23 Apr 2014
One thing you won't find in a home brewers corner of the house is a lack of equipment! Hoses valves gaskets tools for every part imaginable….. We love our gear!
I recently picked up a great little time saver from Williams Brewing in the US. This is a .5 micron sintered stainless steel stone with a few mods that aren't available from anywhere else (as far as I'm aware).
The addition of a half inch FPT thread and a hose barb means you can easily pop it into a tee section and oxygenate your wort on route to the fermenter. Its very well machined and worth every single penny. At $16.99 its a bargain! I know More Beer sell a similar fitting but its not a half inch thread which makes it a little trickier for my purposes (but perhaps better for others who wish to stick with mfl fittings).
Such cheap fittings are a real luxury and its demand from the greater homebrew community the world over (but particularly in the US) that we have to thank!
02 Apr 2014
Its tough to find Berliner Weiss at this end of the globe, and as a result Im constantly scouring other blogs for ideas and recipes in order to make what I think in my mind is going to be the perfect session beer. Tart, sour, funky malty and low enough in alcohol to drink in quantity, it really does tick a lot of boxes for the beer nerd. Ive been inspired by the likes of The Mad Fermentationist with his Rhubarb Berliner Weiss and Ive been ogling at the rhubarb bush outside my kitchen window for months now with this very beer on my mind.
Ive decided to do a short boil, then sour the wort with Lactobacillus Delbrueckii (Whitelabs 677) at 30C for a few days before bringing the wort back up to a boil and then commencing primary fermentation with Brettanomyces Clausenii (whitelabs 645). This should add some complexity to an otherwise mild beer. Lacto Delbrueckii produces a very soft acidity that doesn't exactly sizzle on the tongue…. I can imagine that rhubarb will bring some bracing acidity to the table and fill the gaps nicely
Ive also decided to use some assertive hopping at the end of boil with some Riwaka and 'mystery German' hops that my friend Logan Douglas grew in his backyard. They have a mild spicy lemon note that should work well with the acidity and fruity profile of the beer.
I can't wait to see what the Brett does with all these flavours, if it gets anywhere near the 'pineapple and fruit bowl' descriptors that I hear others swooning over Ill be a happy brewer!
O.G. 1.040 - Batch size 20L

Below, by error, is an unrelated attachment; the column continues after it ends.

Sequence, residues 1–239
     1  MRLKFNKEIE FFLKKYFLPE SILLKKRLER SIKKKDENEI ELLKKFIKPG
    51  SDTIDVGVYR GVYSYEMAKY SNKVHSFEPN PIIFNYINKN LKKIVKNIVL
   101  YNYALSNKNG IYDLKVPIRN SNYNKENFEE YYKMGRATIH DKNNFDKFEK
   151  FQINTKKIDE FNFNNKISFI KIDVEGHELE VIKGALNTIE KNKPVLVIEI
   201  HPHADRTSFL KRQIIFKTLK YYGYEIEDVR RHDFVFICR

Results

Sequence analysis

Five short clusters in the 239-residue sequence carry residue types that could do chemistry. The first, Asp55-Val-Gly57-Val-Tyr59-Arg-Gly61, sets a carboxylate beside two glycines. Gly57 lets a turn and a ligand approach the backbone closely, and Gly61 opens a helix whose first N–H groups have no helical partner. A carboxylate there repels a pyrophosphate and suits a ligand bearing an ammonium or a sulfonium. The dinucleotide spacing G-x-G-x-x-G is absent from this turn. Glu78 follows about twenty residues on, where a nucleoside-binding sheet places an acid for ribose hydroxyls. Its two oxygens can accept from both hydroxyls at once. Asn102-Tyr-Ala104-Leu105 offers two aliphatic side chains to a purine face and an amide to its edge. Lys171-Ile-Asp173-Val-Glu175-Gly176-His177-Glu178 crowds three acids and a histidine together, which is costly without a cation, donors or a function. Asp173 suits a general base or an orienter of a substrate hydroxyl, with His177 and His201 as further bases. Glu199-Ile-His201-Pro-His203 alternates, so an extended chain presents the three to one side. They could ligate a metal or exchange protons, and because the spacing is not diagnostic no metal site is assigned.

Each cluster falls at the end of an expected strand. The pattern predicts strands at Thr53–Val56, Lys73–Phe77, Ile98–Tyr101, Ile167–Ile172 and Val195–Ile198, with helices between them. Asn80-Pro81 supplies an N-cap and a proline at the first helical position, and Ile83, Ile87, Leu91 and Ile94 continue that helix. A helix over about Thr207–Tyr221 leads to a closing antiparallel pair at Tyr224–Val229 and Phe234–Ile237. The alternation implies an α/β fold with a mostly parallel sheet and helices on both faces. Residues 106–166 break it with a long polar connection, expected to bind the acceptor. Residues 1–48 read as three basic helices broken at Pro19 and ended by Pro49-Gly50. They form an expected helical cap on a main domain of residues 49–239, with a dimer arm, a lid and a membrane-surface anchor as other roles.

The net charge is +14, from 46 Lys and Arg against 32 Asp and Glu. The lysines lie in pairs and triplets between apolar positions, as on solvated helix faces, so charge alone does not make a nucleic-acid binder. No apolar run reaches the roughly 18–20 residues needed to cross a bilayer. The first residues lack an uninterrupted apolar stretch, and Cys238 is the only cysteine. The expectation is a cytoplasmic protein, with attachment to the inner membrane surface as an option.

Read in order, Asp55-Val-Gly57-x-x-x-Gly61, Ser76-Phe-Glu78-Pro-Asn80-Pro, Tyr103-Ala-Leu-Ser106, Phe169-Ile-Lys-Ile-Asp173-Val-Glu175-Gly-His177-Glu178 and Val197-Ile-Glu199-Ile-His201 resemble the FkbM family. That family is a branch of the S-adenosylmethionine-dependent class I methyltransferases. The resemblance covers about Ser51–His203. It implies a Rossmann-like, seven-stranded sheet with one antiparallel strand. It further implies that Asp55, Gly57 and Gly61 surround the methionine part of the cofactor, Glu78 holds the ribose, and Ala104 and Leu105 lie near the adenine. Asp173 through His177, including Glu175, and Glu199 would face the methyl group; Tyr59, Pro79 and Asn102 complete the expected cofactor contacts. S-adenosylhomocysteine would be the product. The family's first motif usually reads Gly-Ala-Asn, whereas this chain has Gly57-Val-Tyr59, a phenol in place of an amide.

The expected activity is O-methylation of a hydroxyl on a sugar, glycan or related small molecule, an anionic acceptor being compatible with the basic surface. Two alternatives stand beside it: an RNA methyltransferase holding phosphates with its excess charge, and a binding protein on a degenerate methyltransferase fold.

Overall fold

2Kg Gladfield Pale malt
1Kg Weyerman Pale wheat
80g Acidulated Malt
40g Riwaka at 10 minutes 5.2 IBU
30g Saaz (mystery German) whirlpool for 15 minutes 2.1 IBU
Fresh Rhubarb (not sure how much yet, or if any at all… Will wait to see how the base beer turns out first)
Calcium Sulphate & Calcium Carbonate to taste
16 03 2014 - Pitched one vial of Lacto culture into a 2 litre starter and one vial of Brett into a one litre starter. Left to ferment for one week.
23 03 2014 - Pitched the one litre Brett starter into a fresh two litre starter on the stir plate.
26 03 2014 - Mash at 68C for 40 minutes and batch sparge into the kettle.
N.B. For any pale beer such as this which will end up with next to no residual sweetness, monitoring your sparge ph and being gentle with your wort is a must to avoid tannin extraction which will stick out like dogs balls when there's nothing left in the beer to hide it… So acidify that liquor to 5.6 keep the temperature below 75C and everything will be gravy!
Boil wort for 15 minutes then chill back to 30C. Set the thermostat.
Add Lacto Bacillus starter and purge the head space with cO2 and cover with plastic wrap. Replace the lid and let it sour!
02 04 2014 - The wort was ready a few days ago but I only just got time to complete the process... As a lot of others have noted this strain of Lacto is very mild, it does have a lovely lacto aroma however… Boiled the wort for 60 minutes untill all of the DMS aromas (cooked corn and veges) were gone and added hops, chilled to 24C and pitched Brett. Added pure O2 at a rate of 1L per minute for thirty seconds. Left to ferment at 22C.
There's nothing like the smell of Riwaka at the end of the boil!
26 Mar 2014
One of the really great things about the ever expanding interest in home brewing is the availability of cheap and quality equipment. SS Brewing Technologies is filling a gap in the fermentation department with affordable stainless vessels.
Ranging from a 17 gallon conical to a 6.95 gallon stainless bucket with a cone on the bottom dubbed 'the brew bucket'. Homebrewers with a powerful lust for stainless can feed the hungry demon and still have some cash left over for ingredients!
Now if only they would stay in stock long enough for me to actually buy one!